How to Use Them for Maximum Security
As the internet becomes more and more integrated into our daily lives, the need for strong passwords to protect our online accounts is greater than ever before. But with so many accounts to manage, it can be difficult to remember all of your passwords, especially as you get older. That’s where password managers come in – they can help you create and remember strong, unique passwords for each of your accounts, without the need to remember them all yourself.
In this post, we’ll explore the benefits of using password managers, how they work, and how to use them to maximize your security.
What is a Password Manager?
A password manager is an application that stores and manages all of your passwords in one secure location. Rather than trying to remember each password for every online account, you simply need to remember one master password to access your password manager.
When you create an account or change a password, the password manager will generate a strong, unique password for you, which is then stored in an encrypted database. When you need to access that account again, the password manager will automatically fill in the login details for you, saving you time and hassle.
The Benefits of Using a Password Manager
Using a password manager has several benefits, including:
When you use a password manager, you no longer have to rely on your memory to create strong passwords. Password managers can generate long, complex passwords that are virtually impossible to guess or crack.
Using the same password for multiple accounts is a major security risk. If one account is hacked, all of your other accounts could be compromised. Password managers make it easy to use unique passwords for each account, reducing the risk of a major security breach.
With a password manager, you only need to remember one master password to access all of your accounts. This makes it easier to log in to your accounts quickly and securely. (Click here to learn how to create a strong Master Password that is safe and that you can remember: Secret To Passwords)
Password managers can automatically fill in login details for you, which saves you time and reduces the risk of typos or other errors. Password maangers do this with browser plugins and smartphone apps so you can save a password on your phone to the password manager and use it when you are on your computer.
Password managers use advanced encryption techniques to keep your login details safe and secure. This means that even if someone gains access to your password manager, they won’t be able to see your passwords. CloudNexus recommends using Multi-Factor authentication with all of your passwords. I know this is an extra step, but it is necessary to verify that you are who you say you are as the Multi-Factor (Also known as 2FA, MFA and One Time Password (OTP)).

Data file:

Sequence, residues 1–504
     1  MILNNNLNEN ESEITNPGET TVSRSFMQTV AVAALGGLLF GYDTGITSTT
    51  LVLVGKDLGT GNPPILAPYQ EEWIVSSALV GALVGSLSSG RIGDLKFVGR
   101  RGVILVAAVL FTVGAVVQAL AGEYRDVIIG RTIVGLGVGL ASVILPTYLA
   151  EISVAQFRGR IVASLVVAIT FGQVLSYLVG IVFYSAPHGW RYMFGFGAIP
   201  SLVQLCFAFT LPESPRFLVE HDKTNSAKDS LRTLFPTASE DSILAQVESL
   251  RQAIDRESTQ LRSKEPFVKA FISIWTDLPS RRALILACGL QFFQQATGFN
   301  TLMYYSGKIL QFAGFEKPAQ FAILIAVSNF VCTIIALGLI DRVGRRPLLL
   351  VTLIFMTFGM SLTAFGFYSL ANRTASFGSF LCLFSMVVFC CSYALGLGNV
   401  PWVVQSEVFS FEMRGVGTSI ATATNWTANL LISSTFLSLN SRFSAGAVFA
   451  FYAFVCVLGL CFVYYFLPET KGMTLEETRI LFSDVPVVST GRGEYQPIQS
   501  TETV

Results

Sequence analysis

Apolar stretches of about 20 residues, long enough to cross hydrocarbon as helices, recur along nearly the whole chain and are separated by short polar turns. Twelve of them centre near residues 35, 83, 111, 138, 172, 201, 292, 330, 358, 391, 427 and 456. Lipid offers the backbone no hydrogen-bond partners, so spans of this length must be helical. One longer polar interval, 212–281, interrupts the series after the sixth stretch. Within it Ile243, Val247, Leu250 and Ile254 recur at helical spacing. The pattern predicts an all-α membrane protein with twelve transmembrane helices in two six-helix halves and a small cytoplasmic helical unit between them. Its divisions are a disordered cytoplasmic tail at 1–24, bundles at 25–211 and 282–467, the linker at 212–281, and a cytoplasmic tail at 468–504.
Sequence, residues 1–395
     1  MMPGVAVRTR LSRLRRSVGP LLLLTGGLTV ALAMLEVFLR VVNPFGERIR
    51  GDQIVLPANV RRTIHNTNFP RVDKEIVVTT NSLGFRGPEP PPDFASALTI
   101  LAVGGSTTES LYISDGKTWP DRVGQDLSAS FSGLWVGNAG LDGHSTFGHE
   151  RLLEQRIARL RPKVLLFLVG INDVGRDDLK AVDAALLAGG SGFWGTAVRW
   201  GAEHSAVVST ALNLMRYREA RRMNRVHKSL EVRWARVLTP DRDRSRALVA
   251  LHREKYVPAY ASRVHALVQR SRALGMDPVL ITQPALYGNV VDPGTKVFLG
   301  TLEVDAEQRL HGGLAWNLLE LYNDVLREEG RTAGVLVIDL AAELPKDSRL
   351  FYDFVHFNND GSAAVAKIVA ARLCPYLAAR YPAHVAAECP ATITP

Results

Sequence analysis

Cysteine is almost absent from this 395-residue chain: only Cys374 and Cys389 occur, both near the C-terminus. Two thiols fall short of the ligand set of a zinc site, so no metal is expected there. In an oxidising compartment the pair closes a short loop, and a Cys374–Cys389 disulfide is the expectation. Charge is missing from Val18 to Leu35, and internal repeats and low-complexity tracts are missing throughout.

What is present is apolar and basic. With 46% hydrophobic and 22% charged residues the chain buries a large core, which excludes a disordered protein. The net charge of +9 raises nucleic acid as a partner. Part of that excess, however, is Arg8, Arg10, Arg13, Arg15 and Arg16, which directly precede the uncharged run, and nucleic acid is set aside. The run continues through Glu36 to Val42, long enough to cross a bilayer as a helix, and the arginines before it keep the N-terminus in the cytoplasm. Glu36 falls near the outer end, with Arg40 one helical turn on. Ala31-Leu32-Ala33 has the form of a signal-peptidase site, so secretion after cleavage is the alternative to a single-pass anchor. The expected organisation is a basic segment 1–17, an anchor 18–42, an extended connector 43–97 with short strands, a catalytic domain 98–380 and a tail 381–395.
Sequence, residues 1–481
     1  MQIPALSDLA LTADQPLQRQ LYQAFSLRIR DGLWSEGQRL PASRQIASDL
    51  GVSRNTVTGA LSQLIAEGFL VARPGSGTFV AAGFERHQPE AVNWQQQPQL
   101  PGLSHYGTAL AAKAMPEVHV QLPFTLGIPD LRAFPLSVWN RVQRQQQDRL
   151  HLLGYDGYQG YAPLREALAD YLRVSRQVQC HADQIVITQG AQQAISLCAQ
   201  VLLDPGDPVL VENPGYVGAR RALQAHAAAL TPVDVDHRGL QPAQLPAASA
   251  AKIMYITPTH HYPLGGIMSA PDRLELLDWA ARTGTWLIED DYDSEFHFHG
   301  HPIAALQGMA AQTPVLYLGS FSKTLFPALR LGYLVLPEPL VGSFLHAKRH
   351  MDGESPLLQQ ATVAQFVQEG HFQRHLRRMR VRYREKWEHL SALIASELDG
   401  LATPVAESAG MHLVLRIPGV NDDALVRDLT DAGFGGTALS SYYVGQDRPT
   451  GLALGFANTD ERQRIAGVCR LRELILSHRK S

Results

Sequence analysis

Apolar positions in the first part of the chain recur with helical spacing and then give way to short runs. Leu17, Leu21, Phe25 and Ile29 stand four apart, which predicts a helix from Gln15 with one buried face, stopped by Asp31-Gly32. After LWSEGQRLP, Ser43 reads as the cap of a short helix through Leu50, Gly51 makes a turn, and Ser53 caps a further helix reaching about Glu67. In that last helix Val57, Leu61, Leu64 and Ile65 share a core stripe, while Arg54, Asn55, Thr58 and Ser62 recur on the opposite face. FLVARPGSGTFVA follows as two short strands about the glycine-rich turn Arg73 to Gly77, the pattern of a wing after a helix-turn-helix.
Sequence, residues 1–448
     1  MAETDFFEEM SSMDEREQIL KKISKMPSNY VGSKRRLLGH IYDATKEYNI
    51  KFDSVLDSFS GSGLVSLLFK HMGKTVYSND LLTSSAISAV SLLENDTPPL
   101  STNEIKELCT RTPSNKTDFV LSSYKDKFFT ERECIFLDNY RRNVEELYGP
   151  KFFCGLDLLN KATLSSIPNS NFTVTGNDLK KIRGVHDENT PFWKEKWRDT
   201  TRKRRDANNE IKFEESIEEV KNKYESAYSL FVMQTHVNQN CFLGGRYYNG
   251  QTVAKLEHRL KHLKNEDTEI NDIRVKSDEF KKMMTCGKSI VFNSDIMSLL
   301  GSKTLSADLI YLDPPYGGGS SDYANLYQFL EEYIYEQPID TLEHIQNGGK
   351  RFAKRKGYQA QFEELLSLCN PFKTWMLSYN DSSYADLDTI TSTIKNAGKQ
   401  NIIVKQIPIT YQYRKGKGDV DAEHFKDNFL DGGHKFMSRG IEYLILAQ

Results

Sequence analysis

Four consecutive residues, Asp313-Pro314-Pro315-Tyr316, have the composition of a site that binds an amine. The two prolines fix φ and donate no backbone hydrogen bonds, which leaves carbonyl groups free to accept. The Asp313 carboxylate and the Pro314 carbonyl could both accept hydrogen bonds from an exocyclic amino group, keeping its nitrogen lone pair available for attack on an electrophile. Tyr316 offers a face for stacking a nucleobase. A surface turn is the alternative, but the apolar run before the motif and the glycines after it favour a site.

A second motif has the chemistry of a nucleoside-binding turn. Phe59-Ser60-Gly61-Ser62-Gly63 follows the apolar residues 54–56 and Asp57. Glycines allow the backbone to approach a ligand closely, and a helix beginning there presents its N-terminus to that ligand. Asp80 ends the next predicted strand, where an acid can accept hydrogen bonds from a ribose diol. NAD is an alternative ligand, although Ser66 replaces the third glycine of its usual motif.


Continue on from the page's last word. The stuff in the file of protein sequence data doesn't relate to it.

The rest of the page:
How to Use a Password Manager
Now that you understand the benefits of using a password manager, let’s take a look at how to use one.
Step 1: Choose a Password Manager
There are many password managers available, each with their own features and pricing plans. Some popular options include LastPass, 1Password, and Dashlane. Do some research to find a password manager that meets your needs. Check the features to make sure that it works on poth regular computers as well as smart phones.
Step 2: Install the Password Manager
Once you’ve chosen a password manager, you’ll need to install it on your computer or mobile device. Follow the instructions provided by the password manager to complete the installation. Usually, this is a browser plug-in for computers. Chrome, Firefox and Microsoft Edge are widely supported browsers by password managers.
Step 3: Create a Master Password
When you first open your password manager, you’ll be prompted to create a master password. This is the password you’ll use to access all of your login details, so make sure it’s strong and secure. It’s a good idea to use a combination of uppercase and lowercase letters, numbers, and special characters. Click here for tips on creating good Master Passwords.
Step 4: Import Your Existing Passwords
If you already have passwords saved in your web browser or on your computer, you can usually import them into your password manager. This saves you the hassle of having to enter all of your login details manually. Using “remember password” features built into browsers are not very secure and should be avoided.
Step 5: Update Your Passwords
Once you’ve imported your existing passwords, it’s a good idea to update them to stronger, unique passwords generated by your password manager. Most Password Managers have a Password Generator that can generate very strong passwords. We recommend a minimum of 16 characters using upper and lower case letters, numbers and symbols.
Step 6: Use the Password Manager
Now that you’ve set up your password manager, you can start using it. It will take a little getting used too and once it is setup, it is just a click or two to login to your favorite website or application.